I went to pay for $10 worth of merchandise with my debit card.
As I swiped it a prompt popped up that I had never seen before.
“What’s this? I asked the drug store clerk.
“Oh, that’s if you care about young people with diabetes you can make a $1, $5, or $10 donation.”
Excuse me. If I care about sick kids?
Chain stores — read that corporate America — have really gone over the top.
They are supposedly struggling to get people into brick and mortar stores yet they resort to what can best be described as mild forms of harassment or guilt to try and ply more money out of you that ultimately will make them look good and not you.
Even amazon.com doesn’t force you to feel a tad guilty by asking if you’d like to donate to the cause du jour as you go through the process of having them take money from you.
I don’t have a problem with non-profits soliciting. I often work to raise money on the behalf of non-profits and give a fairly sizable amount each year to various charities. What I do have a problem with is corporate America not simply becoming willing partners but often instructing their store managers to have employees ask you if you’d like to donate a dollar to “so and so” when you open your wallet to pay for a purchase.
It is especially galling when mega-corporations like Chevron do it.
Chevron, in case you’re wondering, had net profits of $4.52 billion in the first three months of this year. And when tax time rolls around they will make even more from the first quarter due to generous tax credits granted by the same people in Congress who ponder having to raise income taxes for working folks because they don’t have enough money to run the federal government.
Of course, Chevron gets all sorts of warm fuzzies and accolades when they present checks for the money donated by customers that they squeeze at the pump and then at the cash register. In short, they get the applause because of hundreds of thousands of people struggling to keep their heads above water gave a dollar.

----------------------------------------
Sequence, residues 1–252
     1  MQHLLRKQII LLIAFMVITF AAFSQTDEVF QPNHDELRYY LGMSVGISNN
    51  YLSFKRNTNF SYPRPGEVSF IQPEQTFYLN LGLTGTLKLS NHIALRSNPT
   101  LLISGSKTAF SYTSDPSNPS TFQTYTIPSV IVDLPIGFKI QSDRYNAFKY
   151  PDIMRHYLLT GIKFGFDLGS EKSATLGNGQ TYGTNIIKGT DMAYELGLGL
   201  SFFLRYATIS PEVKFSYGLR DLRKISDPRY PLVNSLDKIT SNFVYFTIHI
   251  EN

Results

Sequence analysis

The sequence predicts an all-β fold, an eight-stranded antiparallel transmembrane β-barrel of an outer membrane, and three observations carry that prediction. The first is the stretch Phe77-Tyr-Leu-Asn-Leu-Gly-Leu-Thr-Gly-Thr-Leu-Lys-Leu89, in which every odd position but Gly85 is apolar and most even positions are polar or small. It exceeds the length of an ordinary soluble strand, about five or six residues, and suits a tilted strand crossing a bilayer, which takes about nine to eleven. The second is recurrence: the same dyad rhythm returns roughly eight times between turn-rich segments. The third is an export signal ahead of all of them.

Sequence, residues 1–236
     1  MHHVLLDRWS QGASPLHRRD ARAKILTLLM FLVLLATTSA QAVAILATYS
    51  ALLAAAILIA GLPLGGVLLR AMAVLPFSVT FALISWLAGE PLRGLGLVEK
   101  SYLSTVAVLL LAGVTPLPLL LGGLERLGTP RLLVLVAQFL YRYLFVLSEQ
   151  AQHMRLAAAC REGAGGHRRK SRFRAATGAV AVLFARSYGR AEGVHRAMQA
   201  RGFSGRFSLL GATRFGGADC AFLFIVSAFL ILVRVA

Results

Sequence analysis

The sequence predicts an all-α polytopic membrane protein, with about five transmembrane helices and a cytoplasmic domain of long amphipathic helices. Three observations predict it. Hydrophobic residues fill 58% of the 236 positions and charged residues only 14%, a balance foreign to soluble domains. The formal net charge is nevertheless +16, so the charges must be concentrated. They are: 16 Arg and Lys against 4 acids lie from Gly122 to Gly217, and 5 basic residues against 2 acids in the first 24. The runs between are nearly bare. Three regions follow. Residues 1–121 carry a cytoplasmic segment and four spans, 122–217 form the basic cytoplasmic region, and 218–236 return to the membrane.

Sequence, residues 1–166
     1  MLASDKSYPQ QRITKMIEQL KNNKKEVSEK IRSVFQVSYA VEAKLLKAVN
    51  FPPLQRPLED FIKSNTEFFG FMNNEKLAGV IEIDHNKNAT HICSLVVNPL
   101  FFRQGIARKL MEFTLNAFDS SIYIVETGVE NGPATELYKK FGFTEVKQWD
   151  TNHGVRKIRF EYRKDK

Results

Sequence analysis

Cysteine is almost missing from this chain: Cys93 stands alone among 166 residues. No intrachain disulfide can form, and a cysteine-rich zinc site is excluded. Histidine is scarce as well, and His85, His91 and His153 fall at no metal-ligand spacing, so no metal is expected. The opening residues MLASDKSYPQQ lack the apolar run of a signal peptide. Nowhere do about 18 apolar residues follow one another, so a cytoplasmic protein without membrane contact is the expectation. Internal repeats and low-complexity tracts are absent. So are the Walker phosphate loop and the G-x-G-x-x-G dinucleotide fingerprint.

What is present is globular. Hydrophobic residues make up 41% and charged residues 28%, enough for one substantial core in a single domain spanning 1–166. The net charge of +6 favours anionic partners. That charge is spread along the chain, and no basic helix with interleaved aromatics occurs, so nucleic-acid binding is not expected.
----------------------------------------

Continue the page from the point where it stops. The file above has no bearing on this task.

To put this in perspective, for Chevron to match the generosity of the donation of one dollar from a customer who nets $40,000 a year and who likely has an annual pay of $51,000 a year before taxes, the oil giant would have to put up $113,000.
Chevron in 2011 gave $262 million to charity. That sounds like a lot until you realize that is 0.6 percent of their profits.
It would be the equivalent of the consumer whose household income is a net $40,000 a year donating $240 to charities. The median donation — which takes extremes out of the equation such as the very high donations from some rich households and no donations from some households so as not to skew the results — is $870 a year. The median American household income is $51,000 — or that fellow who nets $40,000 a year walking into Chevron and getting polite pressure to donate to charity.
To match Chervon’s generosity of 0.6 percent of its profits, that guy would have to slash his charity giving back to $52.50 a year.
The typical Chevron customer gives 16.5 percent more of their after tax income than the oil giant does from its profits.
Yet Chevron has the audacity to pinch its costumers, politely as it may be, to give money to select charities so the oil company can look good.
Individual Americans gave $298.3 billion to charity in 2011 or a 3.9 percent increase over the previous year. Meanwhile, corporation giving remained flat at $14.5 billion. At the same time household income dropped slightly while corporate profits saw a healthy increase.
Chevron, by corporate comparisons, is one of the good guys. The percentage of money the oil company funnels to charities is the third highest in the country topped only by Wells Fargo and then Wal-Mart.
Rest assured all those mom and pop businesses out there and franchise owners give significantly more of their bottom line than Wells Fargo, Wal-Mart, and Chevron.
Between small businesses and individuals, charities are being kept afloat in this country. If individuals and small businesses stopped giving they would see donations plunge by more than 90 percent.
And let’s not forget the fact its consumers that buy the products that allow corporations to make money.
Perhaps next time they succeed at making customers feel guilty that are already the backbone of charity giving in this country to part with another dollar, Chevron can match that donation with $113,000 out of their pocket.
Then when Chevron rolls out ads that stir up sentiments that we are all in this together they can put their money where their public relations mouth is.
This column is the opinion of Dennis Wyatt, and does not necessarily represent the opinion of The Journal or Morris Newspaper Corp. of CA. He can be contacted at email@example.com or 209.249.3519.